Extracto de Freakonomics, de Steven D. Levitt y Stephen J. Dubner:
Consider now another true story of a real-estate agent’s information abuse. The tale involves K., a close friend of one of this book’s authors. K. wanted to buy a house that was listed at $469,000. He was prepared to offer $450,000 but he first called the seller’s agent and asked her to name the lowest price that she thought the homeowner might accept. The agent promptly scolded K. “You ought to be ashamed of yourself”, she said. “That is clearly a violation of real-estate ethics.”
K. apologized. The conversation turned to other, more mundane issues. After ten minutes, as the conversation was ending, the agent told K., “Let me say one last thing. My client is willing to sell this house for a lot less than you might think.”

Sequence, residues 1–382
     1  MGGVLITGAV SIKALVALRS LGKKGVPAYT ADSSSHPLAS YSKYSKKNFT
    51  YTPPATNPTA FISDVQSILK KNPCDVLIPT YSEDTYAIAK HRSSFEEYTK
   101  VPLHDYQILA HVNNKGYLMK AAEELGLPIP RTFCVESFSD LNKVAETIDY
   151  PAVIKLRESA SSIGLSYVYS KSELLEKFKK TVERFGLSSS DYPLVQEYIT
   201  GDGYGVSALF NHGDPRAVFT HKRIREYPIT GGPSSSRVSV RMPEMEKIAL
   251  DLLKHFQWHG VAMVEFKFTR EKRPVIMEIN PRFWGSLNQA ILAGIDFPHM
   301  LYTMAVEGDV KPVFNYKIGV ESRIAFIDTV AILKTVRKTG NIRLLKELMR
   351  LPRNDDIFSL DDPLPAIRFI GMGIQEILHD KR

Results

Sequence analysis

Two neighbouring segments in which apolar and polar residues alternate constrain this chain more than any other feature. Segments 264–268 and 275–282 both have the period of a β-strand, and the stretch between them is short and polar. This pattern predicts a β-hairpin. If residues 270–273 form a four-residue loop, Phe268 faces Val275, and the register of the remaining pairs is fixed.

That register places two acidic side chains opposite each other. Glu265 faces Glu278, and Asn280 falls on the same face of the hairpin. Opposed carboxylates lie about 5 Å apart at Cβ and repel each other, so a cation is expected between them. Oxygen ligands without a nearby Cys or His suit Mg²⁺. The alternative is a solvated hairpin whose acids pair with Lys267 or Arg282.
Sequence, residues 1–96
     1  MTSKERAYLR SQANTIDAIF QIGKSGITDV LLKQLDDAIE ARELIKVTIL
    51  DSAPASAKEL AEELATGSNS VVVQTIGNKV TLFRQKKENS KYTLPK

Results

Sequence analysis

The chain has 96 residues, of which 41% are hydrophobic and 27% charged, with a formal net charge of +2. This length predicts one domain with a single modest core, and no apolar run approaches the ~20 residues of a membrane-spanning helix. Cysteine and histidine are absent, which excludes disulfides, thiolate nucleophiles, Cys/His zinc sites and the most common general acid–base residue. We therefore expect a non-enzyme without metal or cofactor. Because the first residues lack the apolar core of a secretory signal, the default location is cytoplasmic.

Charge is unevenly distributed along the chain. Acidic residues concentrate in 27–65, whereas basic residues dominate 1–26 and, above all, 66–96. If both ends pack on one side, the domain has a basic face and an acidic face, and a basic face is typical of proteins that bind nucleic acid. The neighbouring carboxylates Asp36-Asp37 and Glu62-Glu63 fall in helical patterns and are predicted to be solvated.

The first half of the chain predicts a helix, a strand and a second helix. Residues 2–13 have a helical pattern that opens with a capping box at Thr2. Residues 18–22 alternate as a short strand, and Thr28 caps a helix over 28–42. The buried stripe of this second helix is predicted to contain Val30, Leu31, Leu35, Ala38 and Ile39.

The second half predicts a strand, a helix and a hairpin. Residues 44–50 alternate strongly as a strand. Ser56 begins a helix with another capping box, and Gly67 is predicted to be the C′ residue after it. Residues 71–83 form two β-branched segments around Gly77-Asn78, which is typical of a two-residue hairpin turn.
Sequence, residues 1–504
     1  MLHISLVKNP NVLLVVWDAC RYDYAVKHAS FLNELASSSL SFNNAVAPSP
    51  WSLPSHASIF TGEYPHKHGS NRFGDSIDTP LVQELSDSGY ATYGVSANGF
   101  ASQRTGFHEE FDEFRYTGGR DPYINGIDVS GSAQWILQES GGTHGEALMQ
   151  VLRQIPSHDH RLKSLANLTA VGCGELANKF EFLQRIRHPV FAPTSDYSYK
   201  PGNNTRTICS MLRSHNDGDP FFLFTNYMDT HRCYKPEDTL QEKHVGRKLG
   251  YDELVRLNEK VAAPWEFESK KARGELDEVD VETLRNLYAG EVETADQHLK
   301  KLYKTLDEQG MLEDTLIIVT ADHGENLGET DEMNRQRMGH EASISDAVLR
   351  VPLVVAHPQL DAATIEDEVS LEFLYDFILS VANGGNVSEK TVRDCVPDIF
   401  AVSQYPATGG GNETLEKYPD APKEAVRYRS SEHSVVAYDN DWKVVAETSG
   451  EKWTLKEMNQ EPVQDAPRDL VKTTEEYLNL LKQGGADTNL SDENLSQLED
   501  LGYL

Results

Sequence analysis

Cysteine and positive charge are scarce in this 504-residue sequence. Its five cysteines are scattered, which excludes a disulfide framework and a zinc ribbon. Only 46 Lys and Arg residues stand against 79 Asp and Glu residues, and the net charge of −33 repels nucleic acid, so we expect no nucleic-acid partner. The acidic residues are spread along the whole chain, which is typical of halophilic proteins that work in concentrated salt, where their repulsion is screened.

Based on this conversation, K. then offered $425,000 for the house instead of the $450,000 he had planned to offer. In the end, the seller accepted $430,000. Thanks to his own agent’s intervention, the seller lost at least $20,000. The agent, meanwhile, only lost $300, a small price to pay to ensure that she would quickly and easily lock up the sale, which netted her a commission of $6,450.
So a big part of a real-estate agent’s job, it would seem, is to persuade the homeowner to sell for less than he would like while at the same time letting potential buyers know that a house can be bought for less than its listing price.
El texto no tiene desperdicio (soy muy perezoso para traducirlo, pero si se me pide lo haré), pero el vídeo que he agregado (visto en meneame.net) le añade una dimensión hispana más que interesante.